It is well known that insect pests often infest kitchens and bathrooms in an effort to seek out food sources and moist conditions. For example, German cockroaches rely heavily on dirty dishes as a food source, and sewer-dwelling American cockroaches sometimes travel through plumbing only to emerge from bathtub and sink drains. Several beetle species infest homes solely to infest pantries where they feed on packaged foods. Several insect pests, like bed bugs and carpet beetles, establish infestations in living rooms and bedrooms, but it is not often that a person hears about closet pests. However, moths, crickets, silverfish, firebrats, beetles and even roaches infest closets where they eat holes in clothing and other textiles.
The insect pests that are most commonly found infesting closets and damaging clothing include several moth and beetle species that are collectively referred to as clothes moths and carpet beetles. Variegated carpet beetles, black carpet beetles and common carpet beetles are three pest species that lay eggs on clothing. Carpet beetle larvae begin feeding on clothing, and other textiles after emerging from their eggs. These pests prefer to lay eggs within dark areas, but they often consume carpeting in illuminated areas of a home. Carpet beetle larvae feed only on animal-based fabrics, such as wool, fur, feathers and down, but they will consume synthetic fabrics if they become hungry enough. However, only animal-based fabrics provide the insects with the nourishment they need during maturation. The tiny larvae of case-bearing moths will feed on both synthetic and animal-based clothing, while the larvae of webbing clothes moths feed only synthetic clothing. This larval species will feed on clothing items for a period lasting from 6 months to 2 years, making infestations costly. While cockroaches and crickets do not commonly infest closets, both of these insect groups are attracted to sweaty clothes. Roaches and crickets will eat away at clothing stains made by body-fluids, beverages, foods, and even laundry starch. This is also the case when it comes to clothing damage inflicted by both firebrats and silverfish. Firebrats are particularly attracted to cotton, linen and rayon, while silverfish have a taste for silk.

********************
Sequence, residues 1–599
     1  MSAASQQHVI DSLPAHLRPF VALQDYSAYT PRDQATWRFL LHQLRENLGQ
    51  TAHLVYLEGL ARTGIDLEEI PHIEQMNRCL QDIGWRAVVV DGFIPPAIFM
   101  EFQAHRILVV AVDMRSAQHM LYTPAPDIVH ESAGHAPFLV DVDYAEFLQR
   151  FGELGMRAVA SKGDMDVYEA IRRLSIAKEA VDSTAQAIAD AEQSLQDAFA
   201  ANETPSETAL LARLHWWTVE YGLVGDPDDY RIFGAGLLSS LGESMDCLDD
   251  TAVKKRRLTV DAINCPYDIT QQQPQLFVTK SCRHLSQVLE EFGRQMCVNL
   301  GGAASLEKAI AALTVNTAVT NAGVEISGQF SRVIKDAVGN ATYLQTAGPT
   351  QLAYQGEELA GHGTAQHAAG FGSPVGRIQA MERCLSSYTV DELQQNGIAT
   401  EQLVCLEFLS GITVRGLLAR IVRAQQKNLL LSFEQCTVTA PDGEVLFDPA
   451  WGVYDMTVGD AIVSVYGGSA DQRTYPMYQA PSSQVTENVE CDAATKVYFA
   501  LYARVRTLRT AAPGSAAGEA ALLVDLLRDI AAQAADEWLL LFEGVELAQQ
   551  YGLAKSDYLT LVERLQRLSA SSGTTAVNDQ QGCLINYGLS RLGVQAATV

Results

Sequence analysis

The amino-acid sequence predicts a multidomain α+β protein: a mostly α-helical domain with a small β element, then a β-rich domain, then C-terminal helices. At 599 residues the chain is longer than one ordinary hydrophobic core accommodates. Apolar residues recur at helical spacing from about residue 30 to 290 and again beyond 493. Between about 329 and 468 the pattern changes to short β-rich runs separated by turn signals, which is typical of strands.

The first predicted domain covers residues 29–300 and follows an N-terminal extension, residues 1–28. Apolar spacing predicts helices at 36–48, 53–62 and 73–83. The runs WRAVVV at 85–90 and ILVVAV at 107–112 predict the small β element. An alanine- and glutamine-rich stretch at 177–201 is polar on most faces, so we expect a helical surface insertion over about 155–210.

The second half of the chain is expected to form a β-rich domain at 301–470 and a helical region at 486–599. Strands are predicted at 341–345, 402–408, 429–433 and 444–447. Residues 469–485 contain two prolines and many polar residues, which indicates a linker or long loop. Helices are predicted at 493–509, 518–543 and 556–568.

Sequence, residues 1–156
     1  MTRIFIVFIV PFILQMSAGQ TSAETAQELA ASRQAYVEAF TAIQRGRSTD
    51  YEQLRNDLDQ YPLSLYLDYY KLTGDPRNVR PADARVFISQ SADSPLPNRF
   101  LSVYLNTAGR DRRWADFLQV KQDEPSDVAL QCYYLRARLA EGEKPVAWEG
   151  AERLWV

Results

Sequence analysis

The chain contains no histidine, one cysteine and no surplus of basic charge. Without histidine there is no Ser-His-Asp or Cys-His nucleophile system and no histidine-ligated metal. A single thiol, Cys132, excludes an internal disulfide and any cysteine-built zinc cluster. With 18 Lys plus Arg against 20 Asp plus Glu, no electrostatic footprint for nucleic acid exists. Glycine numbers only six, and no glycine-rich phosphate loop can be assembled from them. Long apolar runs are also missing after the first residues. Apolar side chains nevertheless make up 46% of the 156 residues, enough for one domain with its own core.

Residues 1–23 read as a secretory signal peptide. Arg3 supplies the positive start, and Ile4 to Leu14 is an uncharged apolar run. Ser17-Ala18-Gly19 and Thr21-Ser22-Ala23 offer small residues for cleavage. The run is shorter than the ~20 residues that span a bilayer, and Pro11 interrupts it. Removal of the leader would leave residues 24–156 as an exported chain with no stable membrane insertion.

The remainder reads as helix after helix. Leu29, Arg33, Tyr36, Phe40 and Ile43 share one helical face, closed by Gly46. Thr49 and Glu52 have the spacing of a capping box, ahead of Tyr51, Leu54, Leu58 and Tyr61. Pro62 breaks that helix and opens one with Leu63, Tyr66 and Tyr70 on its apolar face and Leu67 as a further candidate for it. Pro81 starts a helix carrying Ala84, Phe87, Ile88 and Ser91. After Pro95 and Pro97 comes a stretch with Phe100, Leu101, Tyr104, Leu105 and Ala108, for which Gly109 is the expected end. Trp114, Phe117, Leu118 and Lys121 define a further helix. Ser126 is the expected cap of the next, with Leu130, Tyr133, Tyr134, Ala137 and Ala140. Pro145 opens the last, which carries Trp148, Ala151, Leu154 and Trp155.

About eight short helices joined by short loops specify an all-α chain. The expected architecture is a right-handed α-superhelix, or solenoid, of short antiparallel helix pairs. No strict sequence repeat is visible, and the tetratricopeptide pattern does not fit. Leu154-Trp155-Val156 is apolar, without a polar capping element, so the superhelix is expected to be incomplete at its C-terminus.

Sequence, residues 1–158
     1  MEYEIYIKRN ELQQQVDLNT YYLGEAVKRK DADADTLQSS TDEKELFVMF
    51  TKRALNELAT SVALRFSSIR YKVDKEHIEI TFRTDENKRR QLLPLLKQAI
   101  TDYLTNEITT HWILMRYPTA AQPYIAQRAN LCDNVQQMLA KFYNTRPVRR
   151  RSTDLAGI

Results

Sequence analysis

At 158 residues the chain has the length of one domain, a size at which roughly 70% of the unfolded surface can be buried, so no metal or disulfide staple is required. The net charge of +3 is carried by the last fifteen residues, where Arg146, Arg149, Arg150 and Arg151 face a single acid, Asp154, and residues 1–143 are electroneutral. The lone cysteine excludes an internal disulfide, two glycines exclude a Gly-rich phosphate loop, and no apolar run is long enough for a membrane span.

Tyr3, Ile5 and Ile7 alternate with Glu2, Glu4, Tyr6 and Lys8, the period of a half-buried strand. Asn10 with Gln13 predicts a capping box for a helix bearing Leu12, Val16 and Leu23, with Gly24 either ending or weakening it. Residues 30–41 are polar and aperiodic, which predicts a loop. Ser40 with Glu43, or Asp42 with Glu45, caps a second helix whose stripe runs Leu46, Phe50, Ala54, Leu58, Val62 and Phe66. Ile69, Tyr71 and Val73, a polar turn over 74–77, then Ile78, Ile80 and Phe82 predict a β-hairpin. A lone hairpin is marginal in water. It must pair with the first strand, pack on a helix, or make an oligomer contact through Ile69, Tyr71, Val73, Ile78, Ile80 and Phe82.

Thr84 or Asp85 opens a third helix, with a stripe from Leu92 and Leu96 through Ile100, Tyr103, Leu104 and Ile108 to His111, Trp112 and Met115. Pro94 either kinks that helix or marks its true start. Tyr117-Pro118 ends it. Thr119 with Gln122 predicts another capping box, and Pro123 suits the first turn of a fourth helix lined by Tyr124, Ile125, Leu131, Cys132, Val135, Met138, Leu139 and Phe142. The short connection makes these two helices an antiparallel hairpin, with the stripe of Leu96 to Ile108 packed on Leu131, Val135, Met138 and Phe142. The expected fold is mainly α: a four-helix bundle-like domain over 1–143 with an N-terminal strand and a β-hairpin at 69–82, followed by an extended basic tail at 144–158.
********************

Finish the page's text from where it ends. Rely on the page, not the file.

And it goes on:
Have you ever found mysterious holes in clothing kept in closets or hampers?